Está en la página 1de 12
b d An Introductionto FormalLanguages andAutomata Third Edition PeterLinz Universityof Californiaat Davis
b d
An Introductionto
FormalLanguages
andAutomata
Third Edition
PeterLinz
Universityof Californiaat Davis
dtry'l-,tlti,tFI,
.rf;ti.
6l;l
etig*
o
t'
hgfryfl6a
filru;;;:
';;'ut:
\ n qf
I"
A\ ,r'f7 lA ,obi
IONES AND BARTLETT P,UBLISHERS
Stdlnry, Massnclrrsrtr
.BOSTON
TORONT'O
LONDON
SINGAPORE
Workl Headquerters IonesandBartlettPuhlishers Jonesand Bartlett Publishers Jonesand BarJlettPublishers Canada
Workl Headquerters
IonesandBartlettPuhlishers
Jonesand Bartlett Publishers Jonesand BarJlettPublishers
Canada
40TallPineDrive
2406NikannaRoad
Sudbury,MA 01776
978-443-5000
Mississauga,ON L5C 2W6
CANADA
International
Barb House,Barb Mews
LondonW6 7PA
UK
info@jbpub.corn
www.jbpub.com
CopyrightO 2001by JonesandBartlettPublishers,Inc.
All rightsreserved.No partof the materialprotectedby thiscopyrightnoticemay be reproducedor
utilizedin anyfonn, elcctronicor mechanical,includingphotocopying,recording,or anyinfotmation
storageor retrievalsy$tem,without writtenpermissionf'romthecopyrightowner.
G'
A
Library
of Congress Cataloging-in-Puhtication Data
Linz, Peter.
An introductionto formallanguagesandautomata/ PeterLinz'--3'dcd
p. cm.
Includesbihliographicalref'erencesandindex.
rsBN0-7637-1422-4
.L 5 4
Loo I
l.
Formallanguages. 2. Machinetheory.
l. Title.
QA267.3 .Ls62000
5| 1.3--dc2l
00-062546
Chief ExecutiveOfficer: ClaytonJones
Chief OperatingOfficer: Don W. Jones,Jr.
ExecutiveVicc PresidentandPublisher:Tom Manning
V.P., ManagingEditor: JudithH. Hauck
V.P ColleseEditorial Director: Brian L. McKean
V.P;,Dcsigir'and"Prodgction: \ Anne $pencer
V.P., Salcs anit*ffrarket+rg-i . FauI Shefiardson
;
#F*F*.,.
V.P.,Manufaeturingjandilnhrr'trrry dpntrol : ThereseBriiucr
SeniorAgquisitionsEditor; Michacl $tranz
f)evelopment and Product Managcr: f,lny Rose
MarkctingDirector:Jennifer.Iacobson
Production CoordinationI Tri{ litrm
-Pt'oj ect Managcment
CoverDesign;Night & Day Design
Composition:NortheastCompositors
PrintingandBinding: CourierWestford
Coverprinting:JohnPow Cotnpany,Inc.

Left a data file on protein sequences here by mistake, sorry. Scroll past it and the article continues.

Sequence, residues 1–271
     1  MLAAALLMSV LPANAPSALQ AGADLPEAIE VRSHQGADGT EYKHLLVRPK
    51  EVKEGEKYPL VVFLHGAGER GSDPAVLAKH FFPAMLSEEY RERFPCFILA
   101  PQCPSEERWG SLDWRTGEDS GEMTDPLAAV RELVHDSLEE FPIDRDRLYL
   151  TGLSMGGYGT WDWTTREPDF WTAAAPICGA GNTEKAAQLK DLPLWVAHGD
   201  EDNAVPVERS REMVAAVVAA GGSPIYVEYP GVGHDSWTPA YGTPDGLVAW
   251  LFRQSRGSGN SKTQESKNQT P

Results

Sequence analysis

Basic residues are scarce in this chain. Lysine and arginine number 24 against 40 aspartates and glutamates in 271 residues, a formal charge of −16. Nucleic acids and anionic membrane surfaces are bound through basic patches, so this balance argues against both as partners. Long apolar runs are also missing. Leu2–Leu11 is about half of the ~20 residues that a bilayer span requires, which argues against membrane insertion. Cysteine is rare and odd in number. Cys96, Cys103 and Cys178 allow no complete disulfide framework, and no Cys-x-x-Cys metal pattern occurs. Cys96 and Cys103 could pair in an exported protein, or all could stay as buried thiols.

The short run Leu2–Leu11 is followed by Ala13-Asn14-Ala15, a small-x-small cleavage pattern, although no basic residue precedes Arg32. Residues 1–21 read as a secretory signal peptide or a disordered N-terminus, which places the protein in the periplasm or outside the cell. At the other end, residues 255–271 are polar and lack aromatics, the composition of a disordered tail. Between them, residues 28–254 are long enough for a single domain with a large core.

Covel Imasc O Jim Wehtie
This bookwastypesetin Texturcs2.I on a MacintoshG4. Thefbnt familiesusedwereComputer
Modern,Optima,andF'utura.The first printing wasprintedon 50 lb. Decision94 Opaque.
Printedin theUnitedStatesof Arnerica
-'_
I
04030201
lo987654321
I
lch- ,r./1,il.t!\
L
4

26+,3

his book is designed for an introductory course orr forrnir,llarrguages, autornatir, txlmputability, and rclated matters.
his book is designed for an introductory course orr forrnir,llarrguages,
autornatir, txlmputability, and rclated matters.
These topics form
a major part of whnt is known as tht: theory of cornputation. A
course on this strbitx:t rnatter is now stir,nda,rdin the comprrter sci-
ence curriculurn ancl is oftrlrr ta,ught fairly early irr the prograrn. Hence,
the Jrrospective audience for this book consists prirnrr,rily of sophomores and
juniors rnirjrlring in computer scicntxlor computer errgirrwring.
Prerequisites for the material in this book are a knowledge of sorne
higher-level prograrnrning la,nguage (cornmonly C, C++,
or .Iava) and fa-
trrilinritv with ihe furrdarn<lnta,lsof data structures and algoriihms. A colrr$e
in discretc mathematics that irx:hrclesset theory, furrctions,relations, logic,
and elernerrtsof mathematical reasorringis essential. Such a corlrseis part
of the standard introductory computer sciencecurriculum.
The study of the theory of cornputa.tionhas severalpurposc$,most im-
prortantly (1) to fa,miliarizestuderrtswith the fbundations and principles of
computer sciettce,(2) to teach tnaterial that is useful in subsequerrtcolrrres!
rrnd (3) to strengtlrcrr utudents' ability tu t:ilrry out formal and rigorous
rrrirthematical argurnerrts. The presentatiorr I ha,vechosen for this text fa-
III
lv FRHr-AciE vors the first two purpose$r although I would rr.rguethat it a,lsoserves the thircl.
lv
FRHr-AciE
vors the first two purpose$r although I would rr.rguethat it a,lsoserves the
thircl. To prt:sentideasclenrly arrd1,ogive strrdcrrtsinsight into the material,
tlte text stressesintuitive rnotivation and ilhrstration of idcir.sthrough ex*
a,m1llcs.When there is ir choice, I prefcr arguments thtr,t a,reeasily grer,sptxl
to thosr.'tlnt are concisr,land elegant brrt rlifficult in concellt. I state clefini-